What is the distinction between a router and gaming router? Where is that line really drawn? You can name your router something which sounds like it should only be uttered in the most gravelly end of Christian Bale's ludicrous Batman voice (seriously, try it yourself) and you can style it like a piece of important level decoration in Doom Eternal, like something which could have your eye out if you get too close. You can do that, but it had better not be simple window dressing. It needs to deliver where it counts as well.
Wi-Fi: 5 (802.11ac)
LAN Ports: 4x gigabit
Processor: Dual-core 1.7GHz
Dimensions: 9.6 x 12.6 x 2.2 in
Weight: 1.77 lb (803 g)
A credible gaming router needs hardware that can back up its bravado with action. It needs searing Ethernet speed, it needs an internal processing package that isn't going to grind to a halt at cruical times, it needs Wi-Fi so strong it ought to come with a health warning. Predictably, given that incredibly leading intro, the Nighthawk XR500 delivers on all of these things. Which is a good job, given the high price tag attached to it.
Qualcomm's QCA9984 Wi-Fi chipset does the business of throwing around the dual-band 802.11ac bits. While you're unlikely to use it over the four on-board gigabit Ethernet ports, I found the Wi-Fi to be among the most powerful 802.11ac pacakge I'd ever brought into our test environment. Even with an awkward corner-of-the-house placement, the Nighthawk XR500's signal, pumped through four amplified antennas, meant it confidently outperformed the three-node Netgear Orbi mesh network it displaced. That just shouldn't be.
Signal strength, throughput; I could throw numbers at you, but your environment is going to be very different to mine. Just know it's fast, and more than fast enough to game on. It is not, though, Wi-Fi 6, and for a device that still maintains a high asking price after two years on the market, you would be forgiven for looking in the direction of, for example, Netgear's own Nighthawk AX12—though that is significantly more expensive than even this.
The XR500's processing has also been put in the able hands of Qualcomm, and Netgear has dropped in a sufficiently over-engineered package to ensure plenty of overhead. That means a dual-core processor running at 1.7GHz, backed up by 512MB of RAM. Small numbers in the wider scheme of things, and bested by more modern routers, but this is all about context: too few routers at this level needlessly skimp on the RAM or the CPU.
I can't conclusively say this is perfect, because the interface showed very occasional spikes to 100% on the CPU. Never, though, when I was really trying to tax it with multiple video streams and file transfers, nor when I added a USB-attached network drive to the mix and pushed that too; perhaps it was more of a reporting anomaly than a true max-out.
It has the hardware chops, then, as well it had better at this price. Even for a router which has just passed its second birthday, this punches above its weight. But that's not even the best thing about the Nighthawk XR500: the software package is absolutely superb. This packs NetDuma's excellent DumaOS platform, and every little slice of it makes quality-of-life networking super-simple.
There's a pinpoint Geo-filter, which lets you set your location, the distance from it that you're happy to accept game servers for a long list of titles, and the devices you want to conform to that filter. Super-neat, but not really applicable to the majority of PC games which allow you to choose your server; this is more a feature for consoles, which often don't give you the choice. That said, specifying the confusingly named Spectator Mode does make at least part of the Geo-filter facility applicable to your PC, at least if you're interested in the metrics of your connection and finding out a little more about the ins and outs of the server you're connected to.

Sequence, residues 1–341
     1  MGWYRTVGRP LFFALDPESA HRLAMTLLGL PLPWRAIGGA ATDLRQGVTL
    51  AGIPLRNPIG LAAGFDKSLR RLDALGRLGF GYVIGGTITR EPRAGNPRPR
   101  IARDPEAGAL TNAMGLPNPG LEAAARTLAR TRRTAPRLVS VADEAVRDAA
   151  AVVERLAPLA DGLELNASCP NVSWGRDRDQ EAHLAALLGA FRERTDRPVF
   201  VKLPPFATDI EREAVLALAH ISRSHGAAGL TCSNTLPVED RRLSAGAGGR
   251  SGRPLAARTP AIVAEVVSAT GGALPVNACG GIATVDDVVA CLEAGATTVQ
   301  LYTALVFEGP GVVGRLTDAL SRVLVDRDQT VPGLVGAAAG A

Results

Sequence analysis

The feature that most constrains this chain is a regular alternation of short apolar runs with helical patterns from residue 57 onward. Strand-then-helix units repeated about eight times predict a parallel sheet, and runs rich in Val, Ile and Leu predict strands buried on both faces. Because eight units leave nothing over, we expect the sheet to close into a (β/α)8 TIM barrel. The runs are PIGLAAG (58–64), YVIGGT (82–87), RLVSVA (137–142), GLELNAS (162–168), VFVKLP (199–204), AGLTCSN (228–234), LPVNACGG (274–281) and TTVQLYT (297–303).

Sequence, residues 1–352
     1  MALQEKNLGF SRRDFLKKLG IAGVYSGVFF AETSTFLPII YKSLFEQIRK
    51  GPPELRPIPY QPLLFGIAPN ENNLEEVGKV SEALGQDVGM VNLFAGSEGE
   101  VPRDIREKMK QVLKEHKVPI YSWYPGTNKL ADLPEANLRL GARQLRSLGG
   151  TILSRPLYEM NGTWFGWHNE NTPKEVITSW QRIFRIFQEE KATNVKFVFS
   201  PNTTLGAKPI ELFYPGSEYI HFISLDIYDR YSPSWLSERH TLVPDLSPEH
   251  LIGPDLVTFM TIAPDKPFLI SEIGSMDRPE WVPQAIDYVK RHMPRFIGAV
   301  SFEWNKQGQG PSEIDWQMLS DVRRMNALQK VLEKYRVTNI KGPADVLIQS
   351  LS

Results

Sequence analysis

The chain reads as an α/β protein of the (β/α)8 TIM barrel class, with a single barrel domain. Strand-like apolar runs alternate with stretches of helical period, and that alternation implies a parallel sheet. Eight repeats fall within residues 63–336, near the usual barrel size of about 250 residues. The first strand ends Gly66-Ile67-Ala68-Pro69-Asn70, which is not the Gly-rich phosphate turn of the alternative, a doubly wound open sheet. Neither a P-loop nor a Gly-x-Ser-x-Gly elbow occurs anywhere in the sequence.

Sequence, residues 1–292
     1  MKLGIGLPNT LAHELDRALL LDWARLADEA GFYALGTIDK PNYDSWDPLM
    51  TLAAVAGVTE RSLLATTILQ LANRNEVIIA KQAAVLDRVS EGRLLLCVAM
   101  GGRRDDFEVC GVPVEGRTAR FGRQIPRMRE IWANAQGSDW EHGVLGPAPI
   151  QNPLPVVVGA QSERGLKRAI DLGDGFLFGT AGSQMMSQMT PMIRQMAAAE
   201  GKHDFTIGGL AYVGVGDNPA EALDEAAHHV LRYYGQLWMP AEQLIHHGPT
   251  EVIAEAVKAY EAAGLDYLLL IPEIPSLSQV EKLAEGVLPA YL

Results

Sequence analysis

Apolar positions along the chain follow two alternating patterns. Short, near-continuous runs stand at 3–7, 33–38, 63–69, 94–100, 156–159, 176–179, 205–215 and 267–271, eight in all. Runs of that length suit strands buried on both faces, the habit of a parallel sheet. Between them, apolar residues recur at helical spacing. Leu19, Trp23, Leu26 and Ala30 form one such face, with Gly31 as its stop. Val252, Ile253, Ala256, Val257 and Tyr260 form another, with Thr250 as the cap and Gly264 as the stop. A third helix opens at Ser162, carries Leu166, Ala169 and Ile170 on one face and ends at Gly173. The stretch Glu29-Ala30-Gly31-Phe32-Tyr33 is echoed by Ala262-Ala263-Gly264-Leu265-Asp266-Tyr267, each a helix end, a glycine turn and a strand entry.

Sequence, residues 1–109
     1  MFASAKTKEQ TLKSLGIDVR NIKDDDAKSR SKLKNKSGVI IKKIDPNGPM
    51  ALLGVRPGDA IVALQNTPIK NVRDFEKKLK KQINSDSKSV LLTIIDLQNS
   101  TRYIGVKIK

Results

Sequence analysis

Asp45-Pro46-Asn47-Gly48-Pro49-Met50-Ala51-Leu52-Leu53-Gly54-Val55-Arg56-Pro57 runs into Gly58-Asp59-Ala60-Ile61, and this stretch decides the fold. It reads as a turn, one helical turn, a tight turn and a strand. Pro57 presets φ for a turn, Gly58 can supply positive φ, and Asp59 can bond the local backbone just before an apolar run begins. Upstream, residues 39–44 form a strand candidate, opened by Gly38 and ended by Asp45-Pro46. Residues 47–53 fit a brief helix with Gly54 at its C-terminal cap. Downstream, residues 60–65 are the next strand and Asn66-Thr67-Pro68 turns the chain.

QoS is a big deal here, and it's impeccably presented. You get a neat click-and-drag interface which lets you assign extra bandwidth to those devices which are likely to need it, and take it away from those that don't deserve it. Giving your gaming PC a big slice of router brainspace and putting that smart light bulb at the back of the queue where it belongs takes only a couple of seconds, and in our load tests it seemed to work perfectly. There's also configurable anti-bufferbloat, which works with the XR500's ability to detect high-priority packets to give your gaming traffic priority over anything else. That's super-neat.
The protein-packed power extends to normal router features, too. You'll find well presented network monitoring which gives you a live view of which devices are being greedy at any given moment, and a device manager which actually makes a lot of sense. Hybrid VPN integration, which lets you specify which devices use your VPN of choice, is also in there, along with basically every standard router feature you can think of. Saying the Nighthawk XR500 is fully featured would be to do it a disservice.
Not that it's all rosy. One miniscule disappointment with DumaOS is its extensibility: in theory you're able to add new apps, known as R-apps, to give your router new features. In practice this is apparently a proof-of-concept rather than an actual available feature. There's even a tantalising 'R-apps Store' component installed, just to taunt me. I didn't feel for a second like I'd actually need more than was there, but even more control on top of ultimate control doesn't sound like too bad a deal.
So does this meet the brief? Oh, absolutely. It's fantastic. I wouldn't judge you if you were looking for a Wi-Fi 6 router rather than plain 802.11ac in our best gaming router guide, because that's a sensible choice. You could certainly save money elsewhere and get less, too. You could, but the XR500's butt can still definitely cash those cheques its pointy exterior is writing.